Date Published: May 1, 2019
Publisher: Public Library of Science
Author(s): Michael A. Berthaume, Julia Winchester, Kornelius Kupczik, Alistair Robert Evans.
Recently, ambient occlusion, quantified through portion de ciel visible (PCV) was introduced as a method for quantifying dental morphological wear resistance and reconstructing diet in mammals. Despite being used to reconstruct diet and investigate the relationship between dental form and function, no rigorous analysis has investigated the correlation between PCV and diet. Using a sample of platyrrhine and prosimians M2s, we show average PCV was significantly different between most dietary groups. In prosimian, insectivores had the lowest PCV, followed by folivores, omnivores, frugivores, and finally hard-object feeders. In platyrrhines, omnivores had the lowest average PCV, followed by folivores, frugivores, and finally hard-object feeders. PCV was correlated to two topographic variables (Dirichlet normal energy, DNE, and relief index, RFI) but uncorrelated to three others (orientation patch count rotated, OPCR, tooth surface area, and tooth size). The OPCR values here differed greatly from previously published values using the same sample, showing how differences in data acquisition (i.e., using 2.5D vs. 3D surfaces) can lead to drastic differences in results. Compared to other popular topographic variables, PCV performed as well or better at predicting diet in these groups, and when combined with a metric for size, the percent of successful dietary classifications reached 90%. Further, using an ontogenetic series of hominin (Paranthropus robustus) M2s, we show that PCV correlates well with probability of wear, with PCV values being higher on the portions of the occlusal surface that experience more wear (e.g., cusps and crest tips, wear facets) than the portions of the tooth that experience less. This relationship is strongest once wear facets have begun to form on the occlusal surface. These results highlight the usefulness of PCV in quantifying morphological wear resistance and predicting diet in mammals.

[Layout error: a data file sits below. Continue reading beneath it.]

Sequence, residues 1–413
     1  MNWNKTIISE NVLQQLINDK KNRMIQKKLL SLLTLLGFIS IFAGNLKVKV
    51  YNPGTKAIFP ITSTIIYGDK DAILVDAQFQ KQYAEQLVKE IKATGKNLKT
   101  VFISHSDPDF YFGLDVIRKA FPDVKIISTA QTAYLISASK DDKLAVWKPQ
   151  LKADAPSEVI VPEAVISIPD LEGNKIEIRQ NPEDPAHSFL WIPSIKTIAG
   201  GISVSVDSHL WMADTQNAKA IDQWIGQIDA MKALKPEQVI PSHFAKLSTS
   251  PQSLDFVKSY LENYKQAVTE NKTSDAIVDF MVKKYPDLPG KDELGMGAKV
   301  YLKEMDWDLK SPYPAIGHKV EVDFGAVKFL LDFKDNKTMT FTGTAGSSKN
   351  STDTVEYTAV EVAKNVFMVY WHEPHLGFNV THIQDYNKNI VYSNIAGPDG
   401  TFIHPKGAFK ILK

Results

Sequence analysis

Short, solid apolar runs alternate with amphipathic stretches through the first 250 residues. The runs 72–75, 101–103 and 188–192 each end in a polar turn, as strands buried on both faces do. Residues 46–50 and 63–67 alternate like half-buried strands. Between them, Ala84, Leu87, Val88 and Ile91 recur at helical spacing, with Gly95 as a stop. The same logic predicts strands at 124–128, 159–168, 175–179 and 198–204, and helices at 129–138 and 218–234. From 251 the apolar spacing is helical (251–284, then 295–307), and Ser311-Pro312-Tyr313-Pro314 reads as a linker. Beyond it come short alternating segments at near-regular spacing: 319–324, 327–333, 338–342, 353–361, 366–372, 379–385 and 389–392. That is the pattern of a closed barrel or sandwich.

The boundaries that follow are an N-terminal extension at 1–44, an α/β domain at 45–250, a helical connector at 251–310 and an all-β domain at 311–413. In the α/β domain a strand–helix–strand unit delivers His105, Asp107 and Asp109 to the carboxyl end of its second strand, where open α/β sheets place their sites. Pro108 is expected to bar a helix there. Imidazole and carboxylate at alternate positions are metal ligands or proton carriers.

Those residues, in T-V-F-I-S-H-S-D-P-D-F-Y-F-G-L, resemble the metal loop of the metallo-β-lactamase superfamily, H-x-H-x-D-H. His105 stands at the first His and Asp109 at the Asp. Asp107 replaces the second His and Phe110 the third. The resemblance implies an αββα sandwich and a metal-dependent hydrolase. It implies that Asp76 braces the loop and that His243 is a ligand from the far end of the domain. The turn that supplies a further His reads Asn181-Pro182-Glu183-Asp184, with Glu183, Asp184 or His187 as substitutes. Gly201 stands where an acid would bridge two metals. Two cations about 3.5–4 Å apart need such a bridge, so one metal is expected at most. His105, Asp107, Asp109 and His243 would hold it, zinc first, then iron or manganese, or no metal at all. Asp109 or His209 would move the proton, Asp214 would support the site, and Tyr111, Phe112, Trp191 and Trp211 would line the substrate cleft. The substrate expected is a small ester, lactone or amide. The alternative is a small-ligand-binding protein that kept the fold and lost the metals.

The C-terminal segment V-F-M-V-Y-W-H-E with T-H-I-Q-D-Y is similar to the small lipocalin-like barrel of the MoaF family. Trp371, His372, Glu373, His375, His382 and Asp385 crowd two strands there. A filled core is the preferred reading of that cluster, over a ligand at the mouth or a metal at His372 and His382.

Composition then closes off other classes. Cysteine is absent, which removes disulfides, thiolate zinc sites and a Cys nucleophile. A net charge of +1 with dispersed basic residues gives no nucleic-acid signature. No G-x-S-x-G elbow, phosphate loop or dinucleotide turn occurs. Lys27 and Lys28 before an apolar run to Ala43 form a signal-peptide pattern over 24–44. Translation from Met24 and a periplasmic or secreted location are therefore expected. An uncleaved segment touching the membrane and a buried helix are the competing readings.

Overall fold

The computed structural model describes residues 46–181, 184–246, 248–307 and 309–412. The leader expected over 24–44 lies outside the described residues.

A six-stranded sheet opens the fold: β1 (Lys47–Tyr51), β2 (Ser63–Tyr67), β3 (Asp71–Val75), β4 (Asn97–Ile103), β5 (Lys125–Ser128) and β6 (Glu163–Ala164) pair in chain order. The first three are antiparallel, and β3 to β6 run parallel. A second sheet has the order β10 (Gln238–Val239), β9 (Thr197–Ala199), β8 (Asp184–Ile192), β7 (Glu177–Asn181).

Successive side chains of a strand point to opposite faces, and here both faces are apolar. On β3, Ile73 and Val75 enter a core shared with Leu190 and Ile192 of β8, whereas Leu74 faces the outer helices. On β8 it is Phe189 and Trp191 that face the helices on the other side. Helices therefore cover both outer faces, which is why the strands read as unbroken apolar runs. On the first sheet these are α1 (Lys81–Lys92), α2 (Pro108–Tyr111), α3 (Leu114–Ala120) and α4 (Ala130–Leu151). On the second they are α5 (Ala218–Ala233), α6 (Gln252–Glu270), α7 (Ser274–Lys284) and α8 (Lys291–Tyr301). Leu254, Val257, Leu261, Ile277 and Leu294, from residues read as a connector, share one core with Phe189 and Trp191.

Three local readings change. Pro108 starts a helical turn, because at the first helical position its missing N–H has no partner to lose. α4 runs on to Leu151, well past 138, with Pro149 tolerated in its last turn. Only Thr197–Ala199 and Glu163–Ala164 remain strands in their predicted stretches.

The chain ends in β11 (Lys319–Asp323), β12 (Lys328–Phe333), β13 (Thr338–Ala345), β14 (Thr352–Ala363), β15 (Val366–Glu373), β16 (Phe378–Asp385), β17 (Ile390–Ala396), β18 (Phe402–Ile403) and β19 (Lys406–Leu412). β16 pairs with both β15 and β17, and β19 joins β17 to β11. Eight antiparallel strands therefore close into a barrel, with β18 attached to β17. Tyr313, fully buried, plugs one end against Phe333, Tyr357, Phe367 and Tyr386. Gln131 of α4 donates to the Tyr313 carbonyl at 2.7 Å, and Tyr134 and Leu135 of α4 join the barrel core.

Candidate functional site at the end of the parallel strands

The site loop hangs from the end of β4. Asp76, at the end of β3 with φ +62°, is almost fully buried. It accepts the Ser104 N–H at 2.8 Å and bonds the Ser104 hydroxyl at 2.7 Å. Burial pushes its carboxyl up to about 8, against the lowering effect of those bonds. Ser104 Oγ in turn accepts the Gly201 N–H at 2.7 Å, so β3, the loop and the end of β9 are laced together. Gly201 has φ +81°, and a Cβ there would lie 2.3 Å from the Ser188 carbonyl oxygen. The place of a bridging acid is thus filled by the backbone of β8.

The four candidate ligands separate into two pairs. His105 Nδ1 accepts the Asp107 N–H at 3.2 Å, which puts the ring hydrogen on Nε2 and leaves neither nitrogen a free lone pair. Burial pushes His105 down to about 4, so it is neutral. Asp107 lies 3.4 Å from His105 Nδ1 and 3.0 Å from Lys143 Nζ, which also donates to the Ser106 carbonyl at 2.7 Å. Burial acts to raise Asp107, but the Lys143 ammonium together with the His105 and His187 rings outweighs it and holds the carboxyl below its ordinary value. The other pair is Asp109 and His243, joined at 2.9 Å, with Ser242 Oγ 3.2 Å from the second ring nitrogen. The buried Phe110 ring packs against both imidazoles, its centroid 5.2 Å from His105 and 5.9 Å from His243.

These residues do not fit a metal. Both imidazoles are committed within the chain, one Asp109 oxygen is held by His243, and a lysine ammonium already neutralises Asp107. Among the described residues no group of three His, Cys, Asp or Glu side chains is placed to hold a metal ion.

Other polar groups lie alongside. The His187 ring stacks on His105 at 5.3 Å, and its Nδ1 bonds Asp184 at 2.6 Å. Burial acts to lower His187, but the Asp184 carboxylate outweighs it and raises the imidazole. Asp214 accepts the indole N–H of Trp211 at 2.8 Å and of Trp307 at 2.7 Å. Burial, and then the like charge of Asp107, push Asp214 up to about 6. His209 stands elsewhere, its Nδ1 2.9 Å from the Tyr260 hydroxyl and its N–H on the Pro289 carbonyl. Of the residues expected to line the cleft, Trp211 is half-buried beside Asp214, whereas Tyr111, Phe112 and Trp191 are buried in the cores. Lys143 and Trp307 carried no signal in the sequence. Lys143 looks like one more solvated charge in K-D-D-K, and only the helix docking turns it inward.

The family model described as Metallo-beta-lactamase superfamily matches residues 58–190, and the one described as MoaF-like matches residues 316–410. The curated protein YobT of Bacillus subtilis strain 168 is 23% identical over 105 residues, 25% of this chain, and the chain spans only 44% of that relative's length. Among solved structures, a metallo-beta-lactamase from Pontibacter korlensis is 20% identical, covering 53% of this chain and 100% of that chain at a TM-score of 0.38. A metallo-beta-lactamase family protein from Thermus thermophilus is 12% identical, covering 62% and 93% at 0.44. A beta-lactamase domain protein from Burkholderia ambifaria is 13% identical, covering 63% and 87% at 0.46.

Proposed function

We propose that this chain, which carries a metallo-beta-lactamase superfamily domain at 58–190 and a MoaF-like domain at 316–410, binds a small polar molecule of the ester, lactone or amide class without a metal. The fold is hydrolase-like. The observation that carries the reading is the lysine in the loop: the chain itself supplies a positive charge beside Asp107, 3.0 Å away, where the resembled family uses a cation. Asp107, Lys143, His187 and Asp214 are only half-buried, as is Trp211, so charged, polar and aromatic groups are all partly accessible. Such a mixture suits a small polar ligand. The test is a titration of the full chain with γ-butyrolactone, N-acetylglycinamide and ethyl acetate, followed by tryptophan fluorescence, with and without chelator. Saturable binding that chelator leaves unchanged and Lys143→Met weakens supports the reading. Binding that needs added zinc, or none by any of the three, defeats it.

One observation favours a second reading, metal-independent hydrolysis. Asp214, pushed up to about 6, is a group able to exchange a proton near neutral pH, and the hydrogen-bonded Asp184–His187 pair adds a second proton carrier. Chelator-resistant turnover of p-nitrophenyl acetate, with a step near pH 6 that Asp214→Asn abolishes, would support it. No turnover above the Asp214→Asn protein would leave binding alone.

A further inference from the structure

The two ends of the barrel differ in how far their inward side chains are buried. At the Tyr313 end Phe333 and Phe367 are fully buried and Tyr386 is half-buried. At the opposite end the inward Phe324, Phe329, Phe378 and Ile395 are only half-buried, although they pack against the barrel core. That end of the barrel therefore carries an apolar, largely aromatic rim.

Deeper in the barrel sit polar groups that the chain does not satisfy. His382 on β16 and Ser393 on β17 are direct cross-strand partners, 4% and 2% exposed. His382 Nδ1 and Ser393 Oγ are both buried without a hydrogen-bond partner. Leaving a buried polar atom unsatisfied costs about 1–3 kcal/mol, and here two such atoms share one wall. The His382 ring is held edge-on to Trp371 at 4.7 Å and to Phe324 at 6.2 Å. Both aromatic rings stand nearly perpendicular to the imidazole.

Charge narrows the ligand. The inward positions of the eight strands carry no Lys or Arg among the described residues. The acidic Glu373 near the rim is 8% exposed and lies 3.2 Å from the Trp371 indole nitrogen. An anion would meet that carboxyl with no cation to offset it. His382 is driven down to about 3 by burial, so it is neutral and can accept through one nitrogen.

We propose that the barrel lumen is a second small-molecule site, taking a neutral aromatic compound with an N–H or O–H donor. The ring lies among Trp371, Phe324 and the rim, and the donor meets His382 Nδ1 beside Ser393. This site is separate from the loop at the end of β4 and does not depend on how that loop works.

Dental topography has become a popular method for inferring diet from tooth shape in mammals [1,2]. While methods for quantifying tooth shape in a dietary manner have existed for decades (e.g. shearing quotient and ratio [3–8]), it wasn’t until the development of advanced scanning techniques and homology-free metrics that species with dissimilar occlusal morphologies could be directly compared in large scale analyses [9,10].
We used a sample of 209 primate minimally worn mandibular second molars (LM2s), representing two groups (Prosimii, n = 111; Platyrrhini, n = 110) and five dietary categories (insectivore, folivore, omnivore, frugivore, and hard-object feeder) to test the relationship between average molar PCV and diet. The majority of this sample was used in previous dental topographic studies [11,15,18,19], and are freely available at http://www.morphosource.org . Five teeth obtained from http://www.morphosource.org were not part of the aforementioned studies (see supplementary information for specimen list).
Averages and standard deviations of dental topographic values for each group and dietary category are presented in Fig 3 and Table 2. Raw values are published in the supplementary material (S1 Table). PCV is generally highest for hard-object feeders, followed by frugivores, omnivores, folivores, and lowest for insectivores (S2 Table). Results from two-way ANOVAs indicated significant interactions between group and diet factors for all topographic variables except OPCR (Table 1). As such, one-way ANOVAs were used to examine the effect of diet on topographic variables in platyrrhines and prosimians separately. One-way ANOVAs revealed all topographic variables except OPCR were correlated to diet, though it should be noted that OPCR did significantly vary with diet in the two-way ANOVA (Table 3). Tukey HSD results showed differences between dietary categories occurred more often for PCV, DNE, and RFI in prosimians (Table 4), and more often for SA and tooth size in platyrrhines (Table 5). Significant correlations occurred between many of the variables, with PCV being negatively correlated to DNE and RFI, and uncorrelated to OPCR, SA, and tooth size (Table 6).
Average ambient occlusion, quantified through PCV, differed significantly between dietary categories in two major primate groups, and performed as good or better than the other metrics at predicting diet from tooth shape (Tables 3 and 7). In prosimians, insectivores had the lowest average PCV values, followed by folivores, omnivores, frugivores, and hard-object feeders. In platyrrhines, omnivores had the lowest average PCV values, followed by folivores, frugivores, and hard-object feeders (Table 2).
Recently, average ambient occlusion, quantified through PCV, was introduced as new dental topographic variable for quantifying morphological wear resistance, which could be used to predict dietary categories in primates. Here, we show a strong correlation between PCV and diet in two groups of primates, platyrrhines and prosimians, and that it performs as well or better than other topographical variables at predicting diet in Primates. Finally, we show how it is correlated to dental wear in a series of P. robustus teeth, and how it can be used to predict the parts of the tooth which will interact with the tooth, and, if the tooth has even low levels of wear, can be used to predict which parts of the tooth will wear further.